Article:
See you in December

E*TRADE Securities2


Procrastination can feel like an elixir. But it’s rarely the best solution.

The markets seemed to cheer the news that the White House and senior Democratic leadership agreed to a three-month extension of the U.S. debt ceiling. Republican lawmakers soon followed with a new version of the bill that outlined provisions to fund the government through mid-December. The bill that the Senate passed also includes $15.25 billion in assistance for those affected by natural disasters, including Hurricane Harvey.1

However, market observers know that extensions like this often bring only a brief respite from what could come:  

Potential effects of a debt ceiling breach

Saved for another day

Many in the investment community had cast a wary eye toward September 29: the date the U.S. would have hit its debt limit. For investors looking toward the ominous side of the debt ceiling’s significance prior to the deal, S&P Global Ratings put it this way: “Failure to raise the debt limit would likely be more catastrophic to the economy than the 2008 failure of Lehman Brothers and would erase many of the gains of the subsequent recovery.”2 So, no pressure.

With the debt ceiling seemingly an annual challenge for Congress, its potential market significance can be debated. Reportedly, President Trump and Senate Minority Leader Chuck Schumer (D-NY) did just that; having discussed a debt-ceiling repeal to end some of the politicization with process, not to mention the ensuing market angst.3  

This year, U.S. equities rose following news of the can kicked down the road, in stark contrast to the previous day’s trading session. Some market observers attributed the market’s worst performance since mid-August to the latest nuclear test from North Korea, oncoming Hurricane Irma, and perhaps the realization that Washington’s on the clock with a number of legislative items.4 For bondholders, 10-year Treasury yields jumped and shorter-term bills were mixed after news of the deal broke. Notably, December yields climbed, perhaps signaling that investors believe there’s more debt-ceiling drama to come as the new December deadline approaches.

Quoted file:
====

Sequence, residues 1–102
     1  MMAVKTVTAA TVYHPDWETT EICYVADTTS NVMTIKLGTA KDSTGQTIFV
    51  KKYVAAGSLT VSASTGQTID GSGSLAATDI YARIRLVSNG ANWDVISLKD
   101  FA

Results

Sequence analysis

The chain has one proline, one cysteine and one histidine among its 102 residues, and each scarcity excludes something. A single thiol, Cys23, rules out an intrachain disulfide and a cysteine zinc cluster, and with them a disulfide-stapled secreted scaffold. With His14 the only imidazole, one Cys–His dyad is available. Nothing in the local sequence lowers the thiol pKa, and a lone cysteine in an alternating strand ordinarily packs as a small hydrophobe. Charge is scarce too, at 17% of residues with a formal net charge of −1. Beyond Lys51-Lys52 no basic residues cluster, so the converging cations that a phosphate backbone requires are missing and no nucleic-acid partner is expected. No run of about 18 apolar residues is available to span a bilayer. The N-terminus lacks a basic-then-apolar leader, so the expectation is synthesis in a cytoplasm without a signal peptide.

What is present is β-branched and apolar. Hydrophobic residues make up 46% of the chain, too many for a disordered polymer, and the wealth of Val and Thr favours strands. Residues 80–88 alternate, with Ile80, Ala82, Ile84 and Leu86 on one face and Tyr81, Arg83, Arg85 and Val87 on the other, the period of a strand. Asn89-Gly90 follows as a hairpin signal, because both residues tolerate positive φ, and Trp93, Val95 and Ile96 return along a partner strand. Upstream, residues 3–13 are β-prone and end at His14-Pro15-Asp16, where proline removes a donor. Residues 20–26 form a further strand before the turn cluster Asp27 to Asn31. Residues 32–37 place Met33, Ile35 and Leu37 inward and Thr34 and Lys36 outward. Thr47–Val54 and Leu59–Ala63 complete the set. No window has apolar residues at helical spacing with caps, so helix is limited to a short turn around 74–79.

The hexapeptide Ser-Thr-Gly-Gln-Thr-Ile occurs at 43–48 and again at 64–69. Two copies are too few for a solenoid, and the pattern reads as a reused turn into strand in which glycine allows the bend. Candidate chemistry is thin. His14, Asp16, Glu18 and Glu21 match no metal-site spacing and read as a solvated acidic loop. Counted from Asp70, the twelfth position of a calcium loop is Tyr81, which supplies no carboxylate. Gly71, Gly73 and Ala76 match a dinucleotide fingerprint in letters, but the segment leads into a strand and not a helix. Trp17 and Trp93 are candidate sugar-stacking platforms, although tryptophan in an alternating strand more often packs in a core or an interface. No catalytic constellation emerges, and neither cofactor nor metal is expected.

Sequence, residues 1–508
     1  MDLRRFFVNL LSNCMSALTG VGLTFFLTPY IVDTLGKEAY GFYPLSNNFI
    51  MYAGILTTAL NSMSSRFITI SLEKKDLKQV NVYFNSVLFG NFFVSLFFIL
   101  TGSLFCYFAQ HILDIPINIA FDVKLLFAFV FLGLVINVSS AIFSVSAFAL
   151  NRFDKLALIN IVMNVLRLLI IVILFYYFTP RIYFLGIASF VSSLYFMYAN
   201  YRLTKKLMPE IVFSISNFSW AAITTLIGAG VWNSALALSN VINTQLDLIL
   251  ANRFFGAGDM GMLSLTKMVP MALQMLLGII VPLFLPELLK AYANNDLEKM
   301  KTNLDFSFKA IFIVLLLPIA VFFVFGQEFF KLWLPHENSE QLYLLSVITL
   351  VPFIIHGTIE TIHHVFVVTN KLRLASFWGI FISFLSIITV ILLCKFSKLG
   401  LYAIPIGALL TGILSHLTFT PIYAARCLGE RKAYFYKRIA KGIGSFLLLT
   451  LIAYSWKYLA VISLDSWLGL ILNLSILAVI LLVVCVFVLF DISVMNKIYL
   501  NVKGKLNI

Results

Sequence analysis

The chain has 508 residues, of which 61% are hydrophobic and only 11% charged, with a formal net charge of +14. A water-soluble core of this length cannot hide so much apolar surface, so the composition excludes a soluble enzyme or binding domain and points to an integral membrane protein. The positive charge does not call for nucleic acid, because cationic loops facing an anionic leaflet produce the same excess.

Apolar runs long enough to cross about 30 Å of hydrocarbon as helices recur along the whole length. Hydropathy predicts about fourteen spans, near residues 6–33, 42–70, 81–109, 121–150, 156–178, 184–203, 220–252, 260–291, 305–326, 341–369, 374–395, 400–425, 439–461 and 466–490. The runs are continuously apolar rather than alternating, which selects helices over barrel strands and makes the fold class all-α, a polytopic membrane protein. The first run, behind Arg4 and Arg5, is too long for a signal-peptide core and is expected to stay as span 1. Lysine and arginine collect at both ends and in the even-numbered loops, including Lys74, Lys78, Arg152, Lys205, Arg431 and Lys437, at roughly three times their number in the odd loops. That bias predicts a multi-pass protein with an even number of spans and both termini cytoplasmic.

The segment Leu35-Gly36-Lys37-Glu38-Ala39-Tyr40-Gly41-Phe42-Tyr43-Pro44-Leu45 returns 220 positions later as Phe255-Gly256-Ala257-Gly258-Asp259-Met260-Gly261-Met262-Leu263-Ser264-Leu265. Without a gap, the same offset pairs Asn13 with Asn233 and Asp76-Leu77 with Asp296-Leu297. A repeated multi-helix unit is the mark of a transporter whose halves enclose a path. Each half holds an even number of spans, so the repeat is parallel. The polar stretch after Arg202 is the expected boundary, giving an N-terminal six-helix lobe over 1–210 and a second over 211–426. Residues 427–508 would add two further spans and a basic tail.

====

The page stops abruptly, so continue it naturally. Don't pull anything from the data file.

On the docket

In addition to the debt ceiling, there’s also the budget to consider. Congress isn’t required to pass a budget, but some experts believe Republicans could use the budget as a way to advance their much-discussed tax reform, which will surely have Wall Street’s attention.

Investors may also want to see how Washington approaches the National Flood Insurance Program, which expires on September 30, and which could approach its $30 billion borrowing limit from the Treasury in light of Hurricanes Harvey and Irma. Continuing uncertainty about the extent of the damage, as well as assistance from Washington, could weigh on banks and insurers.

It’s tempting to procrastinate over unpleasant tasks—Washington knows how to do it with the best of them. For investors, the rewards of staying on top of their portfolios and making sure they’re aligned with their current risk tolerance and goals, typically outweigh the risks of saving that task for another day, especially when market volatility creeps up.


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1. Becker, Amanda. “Senate passes disaster aid, government funding, higher debt ceiling,” Reuters, 7 Sep. 2017.

2. Cox, Jeff. “Failure to raise debt ceiling could be ‘more catastrophic’ than the Lehman collapse, S&P says,” CNBC, 30 Aug. 2017.

3. Paletta, Damian and Parker, Ashley. “Trump, Schumer agree to pursue plan to repeal the debt ceiling,” The Washington Post, 7 Sep. 2017.

4. Imbert, Fred. “Dow closes more than 200 points lower, posts its worst day since August 17,” CNBC, 5 Sep. 2017.